Armin Bottger was a radio operator in the German Army during the Second World fighting in Panzer IV tanks. He served as a private in the 12th Squadron, 24th Panzer Regiment that was part of the 24th Panzer Division that saw action in France, Italy and Eastern Front from 1943 until the summer of 1944. His memoir covers his service in the Reich Labour Corps in 1940, his training in the Wehrmacht and accounts of active service in various engagements fighting the Russians in southern Ukraine, the Nikopol bridgehead and Jassy until he was wounded in August 1944. After medical treatment, he was graded for home service only and became a courier. He surrendered to American forces in May 1945.
The account is wide-ranging and covers some interesting aspects. He talks about his colleague Unteroffizier Heynco Graf Posadowsky-Wehner who ‘had a Jewish grandmother and was therefore of “impure race”’ However, he goes on ‘so far as 12.Squadron was concerned this was irrelevant.’
He also talked about his association with his squadron and regiment. The 24th Panzer Regiment was regarded as an elite unit and was formerly a cavalry unit. It was wiped out at Stalingrad but reconstituted in 1943. The unit ‘continue[d] to wear the gold piping on the cap, collar and shoulder straps’ whereas ‘all other German panzer men had pink piping’. The unit also used calvary terminology for unit designations such as calling his company a squadron. He also noted by that by August 1943 that ‘the soldiers of 12.Squadron were by now well acquainted with each other and 12.Squadron was “our” squadron and the longer the war and stresses went on, the more we were proud to be a member of a well led and operated panzer unit. This self-identification with 24th Panzer Regiment and 24th Panzer Division was very marked. The division was inseparably associated with the cavalry tradition…It had been a sort of “homeland” during the battles at the front. Nobody wanted to belong anywhere else even though the 24th was a “fire brigade” sent to dangerous hotspots of each battle.’
One of the interesting dimensions of this report was his perspective on the debate about the role of the Wehrmacht in the atrocities committed as part of the Holocaust on the Eastern Front. He was highly critical of the view put forward by some German politicians that ‘stated that even the simple German soldier was not free of “war guilt”’. Though he conceded that ‘today nobody can doubt that even the Wehrmacht was entangled in criminal orders and was guilty of war crimes’ the simple soldier was under ‘a compulsion to follow orders before which one had no option but to bend’. He also said that those who focus on atrocities ‘omit from their portrayal and evaluation is the enormous influence of an environment changed by war, life in uniform, in a group, the soldier’s obligation to duty and obey, his anxieties and the polyphony of suffering’.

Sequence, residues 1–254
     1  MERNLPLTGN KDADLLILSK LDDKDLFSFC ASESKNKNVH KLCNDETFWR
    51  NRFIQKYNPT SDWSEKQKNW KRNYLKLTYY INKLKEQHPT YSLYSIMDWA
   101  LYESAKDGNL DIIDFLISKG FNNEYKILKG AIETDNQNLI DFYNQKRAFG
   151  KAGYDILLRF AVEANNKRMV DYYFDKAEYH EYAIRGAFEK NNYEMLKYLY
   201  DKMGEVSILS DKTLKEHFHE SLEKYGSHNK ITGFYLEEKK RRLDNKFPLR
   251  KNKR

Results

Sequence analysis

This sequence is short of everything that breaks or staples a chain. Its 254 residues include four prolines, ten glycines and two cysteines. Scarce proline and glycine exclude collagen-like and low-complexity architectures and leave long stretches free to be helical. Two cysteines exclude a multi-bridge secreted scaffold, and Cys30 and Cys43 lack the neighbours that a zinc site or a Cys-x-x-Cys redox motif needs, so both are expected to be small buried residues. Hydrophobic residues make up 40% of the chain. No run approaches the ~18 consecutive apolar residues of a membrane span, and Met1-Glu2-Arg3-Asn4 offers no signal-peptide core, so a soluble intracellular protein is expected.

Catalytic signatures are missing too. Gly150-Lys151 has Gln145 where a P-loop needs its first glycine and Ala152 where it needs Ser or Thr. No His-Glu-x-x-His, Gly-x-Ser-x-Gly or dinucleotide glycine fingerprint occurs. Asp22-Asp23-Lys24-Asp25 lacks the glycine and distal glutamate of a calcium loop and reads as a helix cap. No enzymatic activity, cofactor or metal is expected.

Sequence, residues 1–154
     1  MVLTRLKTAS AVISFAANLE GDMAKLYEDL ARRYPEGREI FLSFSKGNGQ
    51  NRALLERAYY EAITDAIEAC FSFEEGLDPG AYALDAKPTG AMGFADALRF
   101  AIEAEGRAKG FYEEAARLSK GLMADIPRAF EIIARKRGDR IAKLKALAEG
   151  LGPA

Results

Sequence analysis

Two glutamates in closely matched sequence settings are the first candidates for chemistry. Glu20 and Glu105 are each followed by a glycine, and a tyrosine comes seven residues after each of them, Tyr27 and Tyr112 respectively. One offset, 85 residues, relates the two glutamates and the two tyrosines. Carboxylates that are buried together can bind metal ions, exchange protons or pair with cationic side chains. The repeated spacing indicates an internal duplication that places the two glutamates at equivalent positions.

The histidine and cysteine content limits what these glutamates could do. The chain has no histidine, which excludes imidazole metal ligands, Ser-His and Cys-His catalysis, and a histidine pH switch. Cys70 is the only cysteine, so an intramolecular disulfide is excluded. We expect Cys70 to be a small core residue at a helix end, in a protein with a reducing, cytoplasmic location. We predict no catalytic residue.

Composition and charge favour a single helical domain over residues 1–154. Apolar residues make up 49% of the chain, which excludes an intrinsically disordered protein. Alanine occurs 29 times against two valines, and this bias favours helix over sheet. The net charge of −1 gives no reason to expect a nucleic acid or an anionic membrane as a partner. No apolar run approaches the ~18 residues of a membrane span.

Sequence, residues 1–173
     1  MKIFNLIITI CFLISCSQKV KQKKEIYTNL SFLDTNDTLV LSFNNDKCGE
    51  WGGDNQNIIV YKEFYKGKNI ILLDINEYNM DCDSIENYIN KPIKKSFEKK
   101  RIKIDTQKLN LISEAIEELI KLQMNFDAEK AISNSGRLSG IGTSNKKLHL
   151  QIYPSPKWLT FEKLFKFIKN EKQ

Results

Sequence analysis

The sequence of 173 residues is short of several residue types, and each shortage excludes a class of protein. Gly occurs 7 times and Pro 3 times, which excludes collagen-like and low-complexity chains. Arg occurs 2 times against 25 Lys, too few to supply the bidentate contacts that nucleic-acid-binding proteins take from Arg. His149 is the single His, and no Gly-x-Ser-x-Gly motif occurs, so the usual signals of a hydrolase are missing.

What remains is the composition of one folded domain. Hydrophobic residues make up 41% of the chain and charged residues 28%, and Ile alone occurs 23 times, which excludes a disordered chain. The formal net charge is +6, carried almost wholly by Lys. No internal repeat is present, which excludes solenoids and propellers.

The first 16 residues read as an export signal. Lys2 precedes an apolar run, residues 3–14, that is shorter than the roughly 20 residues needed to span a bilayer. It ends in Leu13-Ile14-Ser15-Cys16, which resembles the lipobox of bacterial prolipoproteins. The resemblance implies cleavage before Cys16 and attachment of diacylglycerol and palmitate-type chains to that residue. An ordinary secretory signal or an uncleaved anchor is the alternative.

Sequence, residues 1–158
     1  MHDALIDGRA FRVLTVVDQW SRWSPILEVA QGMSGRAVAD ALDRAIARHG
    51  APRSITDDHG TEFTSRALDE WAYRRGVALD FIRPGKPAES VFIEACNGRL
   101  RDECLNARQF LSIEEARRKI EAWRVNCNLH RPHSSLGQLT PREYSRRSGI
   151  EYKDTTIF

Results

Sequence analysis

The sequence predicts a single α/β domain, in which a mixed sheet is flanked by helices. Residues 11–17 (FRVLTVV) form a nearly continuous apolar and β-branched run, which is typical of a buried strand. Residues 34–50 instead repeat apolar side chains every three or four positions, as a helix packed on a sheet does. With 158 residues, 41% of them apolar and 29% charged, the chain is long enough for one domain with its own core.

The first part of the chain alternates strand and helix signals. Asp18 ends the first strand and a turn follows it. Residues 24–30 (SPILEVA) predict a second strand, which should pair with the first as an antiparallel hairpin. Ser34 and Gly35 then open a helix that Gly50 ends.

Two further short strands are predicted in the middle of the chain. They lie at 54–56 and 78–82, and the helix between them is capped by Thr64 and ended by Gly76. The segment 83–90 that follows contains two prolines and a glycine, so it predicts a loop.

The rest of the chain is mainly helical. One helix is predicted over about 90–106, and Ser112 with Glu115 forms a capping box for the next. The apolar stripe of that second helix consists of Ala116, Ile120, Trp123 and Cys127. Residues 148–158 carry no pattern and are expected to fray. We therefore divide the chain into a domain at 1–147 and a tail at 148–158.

He also added that there was very little he could have done about stopping any atrocities had he known about. He explained that ‘some time ago a young American asked if I knew anything about the Holocaust as a soldier…In response to my “No”, he asked somewhat dubiously what I would have done if I had known. I replied “Nothing”. There was not the least thing I could have done, and not only because the ordinary soldier lacked the means but also because my comrades and I had enough to worry about in our own situation in order to survive…’
In conclusion, this is an interesting account. The thing that marks it out from other memoirs are two things. Firstly, Bottger reflections on the recent controversy over the atrocities committed by the Wehrmacht. Secondly, his plea that when judging the ordinary soldier on the front (like Bottger) in relation to these incidents, consider their perspective by walking in their boots and think about what realistic options they had to avoid, mitigate or prevent these incidents from happening.
 Armin Bottger, To the Gate of Hell (London: Frontline, 2012), p.26.
 Ibid., p.21.
 Ibid., pp.34-35.
 Ibid., pp.108-109.
 Ibid., p.112.
 Ibid., p.73.